Choosing your Zone Type
- Active Directory (AD) Integrated
- Standard Primary, and
- Standard Secondary
A Standard Primary zone stores the database in a text file. This text file can be shared with other DNS servers that store their information in a text file.
Finally, a Standard Secondary zone simply creates a copy of the existing database from another DNS server. This is primarily used for load balancing.
I recently upgraded the 5 Active Directory servers to Windows 2008 R2 at my place of work. The Active Directory servers also serve as the enterprise?s DNS servers. Of course, there was a small catch from Microsoft that was yet again one of those ?why did they do this? situations. The issue itself was that we could no longer get certain sites on the web to load. Even trying to hit microsoft.com had issues, but more importantly we could not hit some of the financial sites we needed. After getting some time to research this and wasting some time troubleshooting, I came across the exact issue we were having and found out this dog had bit some others out there. The problem is with EDNS which stands for Extension mechanisms for DNS (which expands the size of several parameters for DNS). By default, EDNS is turned on on Windows Server 2008 R2 and the web is not quite ready for EDNS as myself and others found out the hard way. The solution is simple but took some digging to find. To fix the issue simply go to an elevated command prompt (right mouse click on command and choose run as administrator) and type ? dnscmd /config /EnableEDNSProbes 0 ? . Easy enough right? That will take care of the issue. Why Microsoft decided to turn this feature on when they knew the web (with a little testing) was not ready for it I do not know. Just another one of those quirky things to love about Microsoft. For further reading enjoyment and the lamenting of others on this issue go http://weblogs.asp.net/owscott/archive/2009/09/15/windows-server-2008-r2-dns-issues.aspx Thank you to Scott Forsyth for detailing this issue and getting it out there for the rest of us.
A rhetorical question (DNS service is required for Domains) but is it really appropriate for my new domain server to now be serving up addresses for every one of the thousands of banner ads and junk that our users need daily to do their internet browsing?
DNS is critical for a network infrastructure. Reverse zones are required for good troubleshooting of network issues. Without reverse zones, some apps do not work properly. DNS must have redundancy and be properly configured for a quick / stable network infrastructure.
All my clients smtp email is coming from my primary ip address?? Not sure what is causing this, I use have my own dns server now using through godaddy... Any ideas?
If you are on a Windows domain, you need at least one DNS server [2 is really required in case 1 drops]. Your DNS is primarily doing work internally. Wherever your DNS asks for checks, that server does the work.
Your DNS server is serving up no such addresses. You ever consider blocking ads and scripts? Locally, of course, so there are no lookups in the first place.
Unix Bind is what? Better? Easier? More robust? Either way it's not how you generally run DNS on Windows server...
Unless you want to remember a lot of IP addresses, which wouldn't even work consistently any longer for internet use.
I would like to suggest that you put all these pictures on one page or even put them as PDf download, it will be more readable this way. Thanks.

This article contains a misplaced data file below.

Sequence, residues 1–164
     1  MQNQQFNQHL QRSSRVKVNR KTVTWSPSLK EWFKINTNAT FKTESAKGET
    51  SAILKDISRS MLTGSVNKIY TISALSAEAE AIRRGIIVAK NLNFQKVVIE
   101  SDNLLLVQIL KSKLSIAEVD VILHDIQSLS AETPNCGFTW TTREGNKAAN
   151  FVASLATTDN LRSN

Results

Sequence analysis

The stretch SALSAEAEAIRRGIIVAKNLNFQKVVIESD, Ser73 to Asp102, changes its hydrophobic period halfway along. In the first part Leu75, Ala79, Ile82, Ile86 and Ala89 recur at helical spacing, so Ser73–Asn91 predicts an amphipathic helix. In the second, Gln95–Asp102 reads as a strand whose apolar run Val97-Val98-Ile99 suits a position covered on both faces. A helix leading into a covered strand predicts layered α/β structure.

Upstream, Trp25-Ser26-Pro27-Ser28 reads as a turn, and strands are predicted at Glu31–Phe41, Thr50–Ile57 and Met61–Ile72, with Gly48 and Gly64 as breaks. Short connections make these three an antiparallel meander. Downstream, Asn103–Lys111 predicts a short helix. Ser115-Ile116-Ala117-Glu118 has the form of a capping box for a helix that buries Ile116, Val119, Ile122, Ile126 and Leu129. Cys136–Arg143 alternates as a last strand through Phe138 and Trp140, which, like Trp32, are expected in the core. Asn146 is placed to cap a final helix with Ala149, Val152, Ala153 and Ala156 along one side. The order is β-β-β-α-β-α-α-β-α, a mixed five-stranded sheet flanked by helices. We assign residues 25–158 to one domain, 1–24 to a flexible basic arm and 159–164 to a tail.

If you have only one public IP, then that is all there is. What does GoDaddy domain name hosting have to do with this article? edit: Oh, never mind, I see this is an old comment on a recycled article.
This may not be the forum for bringing us zombie victims up to speed. But I was told that every workstation should have one and only one DNS server entry - my windows server. Otherwise domain joining is impossible. Doesn't that mean all internet DNS queries will go to the server and it will send all unkown host names upline and then cache the answers?
DNS is not only to locate ip addresses. In a domain infrastructure, dns is used to locate services as well. A proper configured dns server allow quick user login. Even GPOs do not work or do not apply well if DNS is not properly configured. A poor or bad data in DNS can even give you serious problems with the Email infrastructure.
I'm not a DNS guru, but I know enough to suggest that folks who are new to DNS to NOT start by following these screens - no forwarder is setup (like OpenDNS) despite a forward zone was specified, there's a premise stated that most still use WINS even though WinServer 2008 won't work without DNS, (I noticed on image 13 it mentions Windows 2000 - is this just an updated slideshow?) and there is no mention of the tight integration of the WinServer 2008's DHCP is quite important to DNS health.
as to what you originally meant. Sure, the workstations should point to your DNS server(s) only. No, one should never mix DNS addresses in any environment. Doesn't that mean all internet DNS queries will go to the server and it will send all unkown host names upline and then cache the answers? Absolutely. Records will be cached until the TTL runs out. If this is what you mean by "serving up addresses for every one of the thousands of banner ads", then yes, your server is doing that. I don't think it inappropriate for a local resolver to do so. And, if the workstations are running the DNS client service, those records are cached at the workstation, and your server will not be queried. The browser cache also tends to eliminate such repeat queries as well. As to whether one finds the type and amount of advertising on the net to be appropriate, or just annoying, or a bandwidth hog, that is mostly a personal preference. Which is why, for reasons of efficiency, I suggest blocking such junk locally, at the browser. That way, nary a lookup is raised for such.